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Sunday, August 2, 2015
Senate OKs $12 million bond measure for Long Beach
(Page 3 of 3)
Courtesy N.Y. State Senate
State Sen. Dean Skelos said the bill would help Long Beach cover “extraordinary expenses” associated with Sandy.

“Why would you refinance it for another 10 years?” McLaughlin said before the meeting. “They actually said, ‘We’re almost there, another year and it’s paid off,’ so why would you go through more borrowing? The borrowing is starting to add up.”

West End Neighbors Civic Association President John Bendo asked whether residents would continue to see a deficit surcharge on their tax bills.

City Manager Jack Schnirman said that the bill allows the city the ability to bond separately for costs associated with the storm and the deficit. The city has completed the first year of its three-year deficit-financing plan, he said, and is heading into its second year. He explained that if Cuomo approves the bill, the state comptroller would conduct a “mini audit” and certify the city’s deficit to determine how much it will issue the bonds for, a process that could take six months. The council can choose to either finance the deficit over 10 years, Schnirman said, or continue the three-year plan.

“I think it would be unlikely that there would be a change for the July 1 [tax] bill that is already out the door,” Schnirman said, “but going forward, this will provide some tax relief here in Long Beach, and it will be a policy question for the council.”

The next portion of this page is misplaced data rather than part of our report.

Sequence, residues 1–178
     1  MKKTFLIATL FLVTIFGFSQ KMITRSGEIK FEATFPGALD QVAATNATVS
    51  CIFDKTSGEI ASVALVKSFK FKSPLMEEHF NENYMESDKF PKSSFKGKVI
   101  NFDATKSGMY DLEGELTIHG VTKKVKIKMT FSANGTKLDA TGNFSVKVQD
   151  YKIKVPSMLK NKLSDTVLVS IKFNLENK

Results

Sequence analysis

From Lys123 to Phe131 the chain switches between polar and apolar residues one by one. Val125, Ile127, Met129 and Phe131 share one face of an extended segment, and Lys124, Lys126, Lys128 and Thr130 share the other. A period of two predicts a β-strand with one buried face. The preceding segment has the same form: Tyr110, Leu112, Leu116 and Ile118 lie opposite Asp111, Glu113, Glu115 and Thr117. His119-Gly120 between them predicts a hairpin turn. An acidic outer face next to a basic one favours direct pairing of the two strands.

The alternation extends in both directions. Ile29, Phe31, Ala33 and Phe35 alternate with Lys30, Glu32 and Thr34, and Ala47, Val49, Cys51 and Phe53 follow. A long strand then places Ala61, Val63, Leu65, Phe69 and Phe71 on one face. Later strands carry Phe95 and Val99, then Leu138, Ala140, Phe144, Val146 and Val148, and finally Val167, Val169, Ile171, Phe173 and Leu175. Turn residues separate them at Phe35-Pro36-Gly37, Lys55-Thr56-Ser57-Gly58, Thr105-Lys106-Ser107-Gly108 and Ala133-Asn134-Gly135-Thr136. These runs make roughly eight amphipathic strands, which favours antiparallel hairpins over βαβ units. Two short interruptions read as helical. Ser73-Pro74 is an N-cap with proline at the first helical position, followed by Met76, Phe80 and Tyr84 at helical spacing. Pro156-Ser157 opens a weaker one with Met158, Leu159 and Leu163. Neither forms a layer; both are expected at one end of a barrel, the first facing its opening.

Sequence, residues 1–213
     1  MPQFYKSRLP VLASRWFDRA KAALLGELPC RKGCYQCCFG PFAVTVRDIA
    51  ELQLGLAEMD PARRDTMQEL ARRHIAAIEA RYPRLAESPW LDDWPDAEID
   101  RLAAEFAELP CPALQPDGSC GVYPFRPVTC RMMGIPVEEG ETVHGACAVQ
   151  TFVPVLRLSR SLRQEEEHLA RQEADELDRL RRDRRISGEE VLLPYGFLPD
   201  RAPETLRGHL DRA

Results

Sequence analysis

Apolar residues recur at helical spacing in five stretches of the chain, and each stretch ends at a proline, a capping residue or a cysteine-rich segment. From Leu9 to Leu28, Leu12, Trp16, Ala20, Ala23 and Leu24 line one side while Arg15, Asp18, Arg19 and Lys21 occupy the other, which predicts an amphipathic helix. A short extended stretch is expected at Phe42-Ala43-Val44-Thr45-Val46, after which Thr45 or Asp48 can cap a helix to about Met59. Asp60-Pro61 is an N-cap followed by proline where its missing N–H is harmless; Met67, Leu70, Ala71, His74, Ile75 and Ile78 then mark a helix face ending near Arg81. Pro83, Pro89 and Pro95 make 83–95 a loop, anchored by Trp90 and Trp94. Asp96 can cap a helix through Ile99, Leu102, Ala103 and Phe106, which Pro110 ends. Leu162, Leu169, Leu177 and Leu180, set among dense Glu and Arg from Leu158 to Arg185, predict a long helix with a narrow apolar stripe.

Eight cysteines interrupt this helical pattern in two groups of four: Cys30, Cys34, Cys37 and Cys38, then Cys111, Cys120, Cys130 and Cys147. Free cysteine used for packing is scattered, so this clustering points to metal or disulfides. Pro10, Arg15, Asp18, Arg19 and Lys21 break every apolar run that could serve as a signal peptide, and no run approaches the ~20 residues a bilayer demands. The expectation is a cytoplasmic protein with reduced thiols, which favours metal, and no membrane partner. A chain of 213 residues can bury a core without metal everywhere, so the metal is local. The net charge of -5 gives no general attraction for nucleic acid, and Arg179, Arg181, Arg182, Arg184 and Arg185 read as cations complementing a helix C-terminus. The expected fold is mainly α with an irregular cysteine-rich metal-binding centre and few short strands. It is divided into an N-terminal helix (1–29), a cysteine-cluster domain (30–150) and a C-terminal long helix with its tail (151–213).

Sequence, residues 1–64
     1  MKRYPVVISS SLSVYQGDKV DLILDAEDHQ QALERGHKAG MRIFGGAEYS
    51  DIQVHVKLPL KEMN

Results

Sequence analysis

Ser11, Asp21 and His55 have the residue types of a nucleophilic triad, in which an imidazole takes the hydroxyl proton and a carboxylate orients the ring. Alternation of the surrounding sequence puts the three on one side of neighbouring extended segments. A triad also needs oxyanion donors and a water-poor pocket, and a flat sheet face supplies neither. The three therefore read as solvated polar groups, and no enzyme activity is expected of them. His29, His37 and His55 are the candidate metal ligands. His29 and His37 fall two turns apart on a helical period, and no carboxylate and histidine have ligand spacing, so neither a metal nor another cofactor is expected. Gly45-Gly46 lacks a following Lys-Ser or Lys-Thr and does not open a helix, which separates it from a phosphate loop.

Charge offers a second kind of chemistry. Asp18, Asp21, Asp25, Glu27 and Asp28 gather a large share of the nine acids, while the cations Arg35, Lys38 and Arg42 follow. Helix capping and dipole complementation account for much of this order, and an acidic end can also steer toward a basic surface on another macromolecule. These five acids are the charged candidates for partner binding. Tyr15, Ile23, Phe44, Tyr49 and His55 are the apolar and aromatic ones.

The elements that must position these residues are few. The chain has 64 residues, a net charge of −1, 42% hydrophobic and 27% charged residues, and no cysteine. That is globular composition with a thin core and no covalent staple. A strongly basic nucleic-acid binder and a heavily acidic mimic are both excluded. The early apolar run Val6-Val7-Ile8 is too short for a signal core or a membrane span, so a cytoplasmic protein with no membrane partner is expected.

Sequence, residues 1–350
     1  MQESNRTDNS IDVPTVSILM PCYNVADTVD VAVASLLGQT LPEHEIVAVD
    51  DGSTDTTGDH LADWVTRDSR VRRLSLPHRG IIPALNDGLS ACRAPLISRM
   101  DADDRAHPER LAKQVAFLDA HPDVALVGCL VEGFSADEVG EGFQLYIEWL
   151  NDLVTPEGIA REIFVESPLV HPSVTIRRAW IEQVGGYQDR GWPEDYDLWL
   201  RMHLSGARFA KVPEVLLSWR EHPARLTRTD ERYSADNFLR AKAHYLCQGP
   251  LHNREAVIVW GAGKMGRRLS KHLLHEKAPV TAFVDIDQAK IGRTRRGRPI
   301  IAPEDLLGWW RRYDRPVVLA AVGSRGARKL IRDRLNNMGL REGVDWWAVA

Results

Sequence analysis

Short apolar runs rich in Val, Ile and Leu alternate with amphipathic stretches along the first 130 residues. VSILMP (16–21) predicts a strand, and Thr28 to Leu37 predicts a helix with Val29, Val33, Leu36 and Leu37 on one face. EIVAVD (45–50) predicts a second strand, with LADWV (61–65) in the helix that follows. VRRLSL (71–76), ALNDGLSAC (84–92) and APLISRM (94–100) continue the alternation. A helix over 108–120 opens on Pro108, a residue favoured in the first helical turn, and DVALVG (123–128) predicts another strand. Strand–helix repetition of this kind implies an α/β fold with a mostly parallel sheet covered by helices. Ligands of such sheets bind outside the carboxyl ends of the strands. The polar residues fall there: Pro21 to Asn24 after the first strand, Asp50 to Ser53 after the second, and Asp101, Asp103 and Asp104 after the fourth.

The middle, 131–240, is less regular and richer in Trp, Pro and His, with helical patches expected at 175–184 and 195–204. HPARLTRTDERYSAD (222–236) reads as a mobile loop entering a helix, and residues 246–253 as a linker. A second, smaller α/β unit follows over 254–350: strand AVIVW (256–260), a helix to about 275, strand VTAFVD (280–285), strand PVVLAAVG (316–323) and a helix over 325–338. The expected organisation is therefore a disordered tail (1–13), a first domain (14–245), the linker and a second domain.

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MerlinJones

It is not a "policy question", but an integrity question. Integrity calls for reduction of the surcharge to give very-needed relief to the residents of Long Beach.

Thursday, June 20, 2013 | Report this
Sandeep

But how do you determine who these much need people are? Is it income based? Do we carve out everyone in a coop or condo above second floor? Do we carve out everyone with flood insurance whose house was not deemed ICC?

You cant afford to waive everyone from the surcharge. What about folks in rare houses that were no impacted? What about folks who bought after Sandy?

Maybe it should be just folks who received the Max $31,900 from FEMA on their primary residence who have AGI under 100K. Also do we include landlords who dont live in Long Beach. What about commercial properties? Not all stores were equally impacted. Some such as a hardware or plumbing store actually made money off Sandy. Some had flood insurance some did not.

Also you are just kicking the can down the road by waiving surcharge. Long term Long Beach would better off doing a one time surcharge to raise the $12 million than issuing bonds. Bond yields have shot up last few days and taking long term bonds just sticks you folks with higher taxes for years to come. There is no easy solution.

Part of problem has nothing to do with Sandy, Long Beach did not prepare for a rainy day. Look at Atlantic Beach the 7-1-2013 tax came out recently and because of Sandy taxes are only going up 1%. Why, if you read their letter on Sandy related taxes, Fema covered 90%. AB has a surplus budget of which will pay for remaining 9% of damage and residents will take a hit in a lump sum due July 1% to pay remaining 1%. Yep they go less damage. But being in good financial shape with adequate reserve funds would have spared Long Beach a lot of pain in Sandy.

Friday, June 21, 2013 | Report this
MerlinJones

Sandeep -- the city council said the surcharge would be reduced or eliminated if the financining went through. it went through. that is my point, only. by the way a new bond issue is coming to pay the police.

Tuesday, July 2, 2013 | Report this
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